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The silent struggles of those with invisible disabilities
2016-12-13

Description: Dr Magteld Smith, invisible disabilities Tags: Dr Magteld Smith, invisible disabilities 

Dr Magteld Smith, researcher and deaf awareness
activist, from the Department of Otorhinolaryngology
at the UFS.

December is International Disability Awareness Month. Despite equality before the law and some improvements in societal attitudes, people with disabilities are still disadvantaged in many aspects of their lives. They are more likely to be the victims of crime, sexual abuse, are more likely to earn a low income or be unemployed, and less likely to gain qualifications than people without disabilities.

Demystifying disabilities is crucial

Dr Magteld Smith, a researcher at the University of the Free State (UFS) School of Medicine’s Department of Otorhinolaryngology, says that often people think the term “disability” only refers to people using a wheelchair, etc. However, this is a misperception because some individuals have visible disabilities, which can be seen, and some have invisible disabilities, which can’t be seen. Others have both visible and invisible disabilities. There is an ongoing debate as to which group has the greatest life struggles. Those with visible disabilities frequently have to explain what they can do, while individuals with invisible disabilities have to make clear what they cannot do.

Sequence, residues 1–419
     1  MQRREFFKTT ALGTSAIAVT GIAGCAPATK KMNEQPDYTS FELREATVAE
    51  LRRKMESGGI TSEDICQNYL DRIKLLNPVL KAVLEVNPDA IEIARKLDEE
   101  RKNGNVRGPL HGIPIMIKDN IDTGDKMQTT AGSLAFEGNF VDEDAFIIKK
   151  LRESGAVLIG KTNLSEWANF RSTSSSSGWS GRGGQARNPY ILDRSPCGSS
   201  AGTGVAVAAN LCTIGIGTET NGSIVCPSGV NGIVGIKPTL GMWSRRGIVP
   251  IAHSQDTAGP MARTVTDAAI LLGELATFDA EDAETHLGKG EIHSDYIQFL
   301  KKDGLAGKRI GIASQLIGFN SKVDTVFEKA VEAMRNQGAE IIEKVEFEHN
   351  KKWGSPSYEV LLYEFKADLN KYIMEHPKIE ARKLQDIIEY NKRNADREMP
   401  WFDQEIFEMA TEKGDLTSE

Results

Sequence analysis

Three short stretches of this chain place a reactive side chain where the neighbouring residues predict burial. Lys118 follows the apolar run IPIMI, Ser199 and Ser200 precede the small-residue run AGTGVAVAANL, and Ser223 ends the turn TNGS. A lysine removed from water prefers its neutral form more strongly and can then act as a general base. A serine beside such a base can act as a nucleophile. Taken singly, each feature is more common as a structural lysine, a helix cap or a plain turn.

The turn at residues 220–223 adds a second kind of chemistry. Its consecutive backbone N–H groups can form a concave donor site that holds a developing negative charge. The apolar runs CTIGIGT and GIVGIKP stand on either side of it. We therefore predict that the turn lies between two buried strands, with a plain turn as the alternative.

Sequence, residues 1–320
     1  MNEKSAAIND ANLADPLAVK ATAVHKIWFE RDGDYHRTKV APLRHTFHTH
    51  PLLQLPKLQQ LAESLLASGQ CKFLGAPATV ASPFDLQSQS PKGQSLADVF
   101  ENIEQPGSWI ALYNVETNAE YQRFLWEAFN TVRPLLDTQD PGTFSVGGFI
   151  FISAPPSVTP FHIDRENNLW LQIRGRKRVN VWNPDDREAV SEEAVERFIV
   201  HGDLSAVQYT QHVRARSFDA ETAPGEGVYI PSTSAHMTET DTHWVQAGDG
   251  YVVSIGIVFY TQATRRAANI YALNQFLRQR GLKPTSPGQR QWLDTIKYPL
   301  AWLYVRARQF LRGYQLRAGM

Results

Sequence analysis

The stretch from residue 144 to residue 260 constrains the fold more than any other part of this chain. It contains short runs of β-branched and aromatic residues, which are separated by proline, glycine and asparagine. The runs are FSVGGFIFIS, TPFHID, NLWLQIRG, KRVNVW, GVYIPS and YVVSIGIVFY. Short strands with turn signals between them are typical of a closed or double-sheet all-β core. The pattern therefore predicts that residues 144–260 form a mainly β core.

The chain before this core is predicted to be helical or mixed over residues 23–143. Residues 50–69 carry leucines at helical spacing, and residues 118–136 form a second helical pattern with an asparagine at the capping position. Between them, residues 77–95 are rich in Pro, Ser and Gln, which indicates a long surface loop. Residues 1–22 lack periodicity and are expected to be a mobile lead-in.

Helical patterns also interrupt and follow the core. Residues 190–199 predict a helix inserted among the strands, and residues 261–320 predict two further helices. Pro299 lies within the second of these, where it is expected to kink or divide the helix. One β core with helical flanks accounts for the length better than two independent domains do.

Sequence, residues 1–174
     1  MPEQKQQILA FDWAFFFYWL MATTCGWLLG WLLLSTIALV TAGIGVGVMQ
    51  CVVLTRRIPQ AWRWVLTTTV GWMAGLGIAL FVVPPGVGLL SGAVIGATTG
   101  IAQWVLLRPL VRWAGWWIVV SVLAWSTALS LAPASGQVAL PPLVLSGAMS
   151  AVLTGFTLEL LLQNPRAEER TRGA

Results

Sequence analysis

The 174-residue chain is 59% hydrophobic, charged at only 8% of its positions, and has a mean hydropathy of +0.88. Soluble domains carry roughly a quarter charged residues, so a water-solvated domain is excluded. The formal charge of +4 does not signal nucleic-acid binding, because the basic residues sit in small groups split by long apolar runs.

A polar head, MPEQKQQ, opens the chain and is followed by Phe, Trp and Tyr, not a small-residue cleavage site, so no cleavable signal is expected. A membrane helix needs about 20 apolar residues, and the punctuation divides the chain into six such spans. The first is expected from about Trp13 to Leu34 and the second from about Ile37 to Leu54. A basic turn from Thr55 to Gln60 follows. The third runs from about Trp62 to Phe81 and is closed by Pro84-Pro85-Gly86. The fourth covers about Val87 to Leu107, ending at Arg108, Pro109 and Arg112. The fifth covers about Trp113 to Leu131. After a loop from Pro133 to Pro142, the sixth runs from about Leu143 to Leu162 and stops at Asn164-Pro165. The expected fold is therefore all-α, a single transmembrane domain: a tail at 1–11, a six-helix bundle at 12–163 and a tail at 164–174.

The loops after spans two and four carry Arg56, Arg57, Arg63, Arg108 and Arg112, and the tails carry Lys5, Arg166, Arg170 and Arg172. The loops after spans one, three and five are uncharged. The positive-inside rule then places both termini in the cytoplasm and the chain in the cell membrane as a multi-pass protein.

Invisible disability is an umbrella term that captures a whole spectrum of invisible disabilities and the focus is not to maintain a list of specific conditions and diagnoses that are considered invisible disabilities. Invisible disabilities include debilitating fatigue, pain, cognitive dysfunctions, mental disorders, hearing and eyesight disabilities and conditions that are primarily neurological in nature.

Judging books by their covers
According to Dr Smith, research indicates that people living with invisible disabilities often suffer more strained relationships than those with visible disabilities due to a serious lack of knowledge, doubts and suspicion around their disability status.

Society might also make serious allegations that people with invisible disabilities are “faking it” or believe they are “lazy”, and sometimes think they are using their invisible disability as an “excuse” to receive “special treatment”, while the person has special needs to function.

Giving recognition and praise
“One of the most heartbreaking attitudes towards persons with invisible disabilities is that they very seldom enjoy acknowledgement for their efforts and accomplishments. The media also seldom report on the achievements of persons with invisible disabilities,” says Dr Smith.

Society has to understand that a person with a disability or disabilities is diagnosed by a medical professional involving various medical procedures and tests. It is not for a society to make any diagnosis of another person.

Dr Smith says the best place to start addressing misperceptions is for society to broaden its understanding of the vast, varying world of disabilities and be more sensitive about people with invisible disabilities. They should be acknowledged and given the same recognition as people with visible disabilities.

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